The sidewalk is dotted with people pushing carts full of furniture, carrying dusty suitcases, or gingerly walking with paintings slung under their arms. I’m sitting at the corner of 9th and Massachusetts on the granite blocks outside the Convention Center. Sitting to my immediate left is a rusted model of a 1920s bus inside a circle of people I’m assuming contains its owner. To my right is a duo of women babysitting a largish discolored piece of wood wrapped in a leather purse. They are all here for the final leg of the 2010 season of the Antiques Roadshow, the popular PBS program that’s billed as “part adventure, part history lesson, part treasure hunt,” which came to the Washington Convention Center on August 21.
I head inside, and am greeted by Mary Stewart, a volunteer for WETA, and my media escort for the day. Security is relatively tight and I am not permitted to go anywhere without her. We chat for a bit about the show, and I learn some interesting factoids (it’s highest rated prime-time PBS series, appraisers see over 1,400 objects an hour) as we ride the elevator down into the lower level, a sprawling, spartan hangar of a room. From the escalator, I see a line snaking its way back toward us. A projector silently plays a faded episode of the series on the back wall of the gargantuan room. The episode is explaining the finer points of a 19th century kewpie doll to no one in particular. The attendees in the long line are waiting to be triaged, which means their items are reviewed by type and then told to stand in line at one of the various booths. Mary said that attendees typically wait three hours to have their items appraised, but that wait depends on the items. Paintings and jewelry have the longest lines. Sports memorabilia, on the other hand, is almost deserted.
The booths themselves form a giant ring facing inward, and attendees mill about under the studio lights in the center. One man carelessly drags a small, dark curio chest on a rug behind him. I don’t have the heart to ask if he’s had it appraised yet.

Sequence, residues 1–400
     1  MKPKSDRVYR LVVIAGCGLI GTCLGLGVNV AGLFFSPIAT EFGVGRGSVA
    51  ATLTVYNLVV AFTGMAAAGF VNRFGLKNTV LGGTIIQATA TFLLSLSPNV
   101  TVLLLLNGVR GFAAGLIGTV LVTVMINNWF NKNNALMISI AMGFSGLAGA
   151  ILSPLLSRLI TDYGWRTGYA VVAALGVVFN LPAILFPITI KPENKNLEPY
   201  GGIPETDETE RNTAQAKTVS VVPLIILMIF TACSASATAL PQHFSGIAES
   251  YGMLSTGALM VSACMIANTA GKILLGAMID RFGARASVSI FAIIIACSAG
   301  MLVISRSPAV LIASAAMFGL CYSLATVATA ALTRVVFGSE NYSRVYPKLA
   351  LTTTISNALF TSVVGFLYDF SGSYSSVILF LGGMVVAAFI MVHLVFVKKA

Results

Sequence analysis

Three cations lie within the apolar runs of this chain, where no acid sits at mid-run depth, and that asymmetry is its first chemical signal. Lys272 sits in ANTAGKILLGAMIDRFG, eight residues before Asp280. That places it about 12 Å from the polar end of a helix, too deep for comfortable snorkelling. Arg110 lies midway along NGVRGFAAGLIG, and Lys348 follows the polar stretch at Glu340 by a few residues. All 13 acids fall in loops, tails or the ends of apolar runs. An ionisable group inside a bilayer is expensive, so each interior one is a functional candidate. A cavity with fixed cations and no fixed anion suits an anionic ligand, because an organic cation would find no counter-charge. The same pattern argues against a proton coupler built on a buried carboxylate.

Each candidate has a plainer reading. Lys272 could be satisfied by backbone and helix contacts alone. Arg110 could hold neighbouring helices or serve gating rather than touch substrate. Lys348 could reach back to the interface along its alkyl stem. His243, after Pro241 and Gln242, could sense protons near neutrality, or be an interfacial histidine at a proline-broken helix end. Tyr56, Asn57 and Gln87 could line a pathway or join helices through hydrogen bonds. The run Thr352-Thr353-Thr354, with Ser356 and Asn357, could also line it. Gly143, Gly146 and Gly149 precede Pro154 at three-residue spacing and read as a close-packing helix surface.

Continues after the jump.
The blue backgrounds give the booths the studied primness of a dog show, except instead of Airedales and beagles people bring curios and lamps. According to Mary, most antiques people bring are inherited, or gifts. Watching thousands of people cart around some of their most prized possessions is a humbling experience. I already feel like I know too much about them.
I stop at the Feedback Booth. This is an area where attendees can record their thoughts after their items have been appraised. These seconds-long spots are then edited into the end credits of the show. One man, Joel (the producers of the show have asked not to mention last names or hometowns) came all the way from New Jersey to have his grandmother’s carved lamp appraised. Like nearly every attendee, he had hoped it would be worth thousands of dollars. As it turned out, it was only worth $800. “I told my wife we’d buy a summer home, but we can’t rent a beach house with that,” he jokes. That prospect was actually liberating to him, he adds. Had the lamp been truly valuable, the decision to sell it or not would have made him “sick,” he says.
Most people present, like Joel, are fans of the show and look genuinely happy to be here. And yet I feel vaguely commoditized on behalf of all of the attendees. There’s a harried, brusque feel on the part of some volunteers and production staff that seems at odds with the popular image of the series. I didn’t see a single chair besides those that the attendees have brought with them to be appraised. Mary told me that because of liability issues, volunteers and production staff are not permitted to assist attendees with their items in any way. Everyone who attends must be physically capable of carrying his or her own items. No dollies or carts are provided. I came away with the feeling that while the Antiques Roadshow is a fun experience, it was not worth quite as much as I had initially appraised.